A strong fourth finger is essential for good fiddling, but often that strength is difficult to develop. Especially if you don’t often use your fourth finger or you’re new to using it, this finger may put up a fight when you try to get it to do your bidding. But don’t assume that your finger isn’t capable of what you ask of it; it’s just not trained yet. Even if you’ve been playing for a long time and still struggle with your fourth finger, there are ways to improve its function and make it stronger.
When you have a strong fourth finger, all sorts of doors open in your fiddling. You’ll get that classic fiddley sound that can only come with a fourth finger, plus your intonation will improve and your left hand will feel much more relaxed. Fourth finger work isn’t always a favorite pastime, but I promise you that the effort you put into strengthening your fourth finger will bring a huge payoff.
When should you start adding fourth finger exercises to your practice? As soon as you can place your first three fingers on the fingerboard and play those notes, you’re ready to work on the fourth. You can’t start strengthening this finger too early. If you’ve already been playing for a long time, it still doesn’t hurt to return to pinky exercises once in a while, especially if you still struggle with this finger more than others. Basically, there’s no wrong time to do these exercises.
Without further ado, here are five of my favorite fourth-finger exercises to help you strengthen your pinky and improve your left hand function. With all of these, be careful not to overexert yourself and strain your fingers. Give yourself breaks, never tolerate pain, and don’t spend too much time with these in one sitting.
Exercise #1: Visualize strength
This first exercise doesn’t require that you use your pinky at all. Instead, close your eyes and picture your pinky doing what you want it to do. Think of a strong, arched shape with your pinky landing solidly on its tip. You may have already convinced yourself that your pinky is weak or incapable simply by telling yourself that it is. By reimagining this finger as strong and capable, you can set yourself up for success.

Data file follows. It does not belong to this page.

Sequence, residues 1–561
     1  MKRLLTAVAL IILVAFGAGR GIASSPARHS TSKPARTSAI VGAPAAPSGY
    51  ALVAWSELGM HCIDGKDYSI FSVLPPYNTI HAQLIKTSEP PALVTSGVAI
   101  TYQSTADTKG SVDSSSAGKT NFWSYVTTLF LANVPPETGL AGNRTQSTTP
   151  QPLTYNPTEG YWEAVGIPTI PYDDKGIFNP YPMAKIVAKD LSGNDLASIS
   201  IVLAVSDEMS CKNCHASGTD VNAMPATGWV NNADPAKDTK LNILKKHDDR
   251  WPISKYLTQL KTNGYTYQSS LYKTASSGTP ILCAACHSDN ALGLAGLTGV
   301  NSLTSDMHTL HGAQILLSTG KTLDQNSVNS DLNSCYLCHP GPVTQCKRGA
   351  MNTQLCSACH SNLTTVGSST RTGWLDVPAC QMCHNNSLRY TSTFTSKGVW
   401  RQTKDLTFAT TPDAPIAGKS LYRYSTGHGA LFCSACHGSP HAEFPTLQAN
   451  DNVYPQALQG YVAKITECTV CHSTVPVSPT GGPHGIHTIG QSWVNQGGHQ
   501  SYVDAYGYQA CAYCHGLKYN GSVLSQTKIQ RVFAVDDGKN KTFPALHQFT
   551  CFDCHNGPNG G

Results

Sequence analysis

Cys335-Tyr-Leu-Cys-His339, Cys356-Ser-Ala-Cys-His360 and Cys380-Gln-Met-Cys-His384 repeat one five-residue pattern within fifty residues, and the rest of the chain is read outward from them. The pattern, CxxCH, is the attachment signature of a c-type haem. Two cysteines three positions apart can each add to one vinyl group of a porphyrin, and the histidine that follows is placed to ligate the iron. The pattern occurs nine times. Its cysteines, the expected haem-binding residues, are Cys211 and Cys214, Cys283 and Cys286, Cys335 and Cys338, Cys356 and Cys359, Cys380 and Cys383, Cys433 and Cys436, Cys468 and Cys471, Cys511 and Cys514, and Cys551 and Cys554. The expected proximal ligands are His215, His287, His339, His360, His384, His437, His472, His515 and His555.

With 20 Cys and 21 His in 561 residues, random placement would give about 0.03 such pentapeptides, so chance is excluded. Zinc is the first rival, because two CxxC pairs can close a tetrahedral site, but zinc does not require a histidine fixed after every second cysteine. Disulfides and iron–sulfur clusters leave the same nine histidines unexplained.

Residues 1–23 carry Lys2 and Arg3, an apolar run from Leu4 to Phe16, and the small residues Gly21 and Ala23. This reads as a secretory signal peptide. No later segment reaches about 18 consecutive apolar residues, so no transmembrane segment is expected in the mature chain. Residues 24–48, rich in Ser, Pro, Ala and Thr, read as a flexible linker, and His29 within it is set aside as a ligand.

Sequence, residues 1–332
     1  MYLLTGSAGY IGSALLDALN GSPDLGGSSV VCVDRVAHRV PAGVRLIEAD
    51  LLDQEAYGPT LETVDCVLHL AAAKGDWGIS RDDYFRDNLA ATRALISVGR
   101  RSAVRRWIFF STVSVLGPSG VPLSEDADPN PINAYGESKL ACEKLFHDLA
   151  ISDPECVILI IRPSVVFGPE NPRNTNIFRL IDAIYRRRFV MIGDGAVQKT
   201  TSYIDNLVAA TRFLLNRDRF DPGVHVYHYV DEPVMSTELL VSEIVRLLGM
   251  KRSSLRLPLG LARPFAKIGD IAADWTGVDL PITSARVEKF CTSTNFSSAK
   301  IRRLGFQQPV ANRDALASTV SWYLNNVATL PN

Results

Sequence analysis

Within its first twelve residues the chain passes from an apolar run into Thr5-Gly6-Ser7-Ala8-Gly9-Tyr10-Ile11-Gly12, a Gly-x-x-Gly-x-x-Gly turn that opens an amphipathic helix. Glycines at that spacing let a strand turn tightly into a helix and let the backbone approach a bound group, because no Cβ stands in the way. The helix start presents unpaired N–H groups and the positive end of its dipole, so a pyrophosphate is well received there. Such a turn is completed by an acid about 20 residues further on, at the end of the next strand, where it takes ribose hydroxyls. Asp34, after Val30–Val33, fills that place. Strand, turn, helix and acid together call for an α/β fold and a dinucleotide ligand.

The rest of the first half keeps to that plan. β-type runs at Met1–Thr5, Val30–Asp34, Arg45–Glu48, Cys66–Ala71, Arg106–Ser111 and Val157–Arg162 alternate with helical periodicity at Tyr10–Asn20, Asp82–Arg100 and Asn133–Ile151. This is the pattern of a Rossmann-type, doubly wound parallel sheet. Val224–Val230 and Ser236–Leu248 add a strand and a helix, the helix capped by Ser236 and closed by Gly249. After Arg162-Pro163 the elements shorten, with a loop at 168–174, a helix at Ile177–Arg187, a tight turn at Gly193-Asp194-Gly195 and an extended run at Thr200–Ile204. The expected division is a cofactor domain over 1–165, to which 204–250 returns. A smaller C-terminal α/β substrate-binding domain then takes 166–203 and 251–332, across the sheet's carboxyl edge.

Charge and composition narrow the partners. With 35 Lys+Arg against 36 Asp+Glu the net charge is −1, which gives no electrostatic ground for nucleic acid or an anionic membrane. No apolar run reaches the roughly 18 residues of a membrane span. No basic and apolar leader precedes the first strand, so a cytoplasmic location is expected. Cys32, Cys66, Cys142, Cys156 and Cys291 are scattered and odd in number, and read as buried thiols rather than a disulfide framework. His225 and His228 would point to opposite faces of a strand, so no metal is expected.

Exercise #2: Base knuckle hammers
When you lift and place your fingers on the strings, you should move them with your base knuckle (the knuckle closest to your palm). This conserves energy and keeps your hand relaxed as you play. To practice using your base knuckle to lift your pinky, set up your left frame of hand and place your pinky on the A string (no bow necessary here). Then use your base knuckle to lift the finger off the string, keeping it close. Bring the finger back down, again using your base knuckle to move it, and repeat. Be sure that you’re not relying on other joints to move the finger.
Exercise #3: Archery practice
It takes strength to maintain an arch as you place your fourth finger on the string. To practice keeping that arch in your finger, build on the exercise above. As you practice popping your fourth finger on and off the string on its tip, watch the arch in the finger. If you notice your finger buckling or flattening as you put it down, take your right hand and gently bend your left pinky’s middle knuckle to bring the arch back to it. Every time you place the finger, be mindful to preserve the arch. The more you do it, the easier it will get.
Exercise #4: Half scales
Once you’ve gotten your pinky to the point where it can land on its tip when you’re not bowing, try this exercise. On you’re a string, walk up a half scale (A B C# D E). When you reach E, use your fourth finger to play the note. If you need to, you can pause and adjust your finger so that it’s on its tip and arched. Once it is, walk back down to A the same way you walked up. Loop these half scales to get in some agility practice and build fourth finger strength. Try these on any string once you’re confident on the A string.
Exercise #5: Fourth finger and drone
For this final exercise, build on the half scales from Exercise #4. When you reach your finger in the scale, play that note with the next highest string (for example, play your 4 on A plus the open E string next to it). This exercise is twofold: it gives you the chance to check the intonation of your fourth finger and allows you to practice the fourth finger/open string combination that is so common in fiddling.
I hope these exercises help you develop confidence and strength in your fourth finger. Practice them little by little and you’ll be amazed by how much your fourth finger really does want to be part of your team.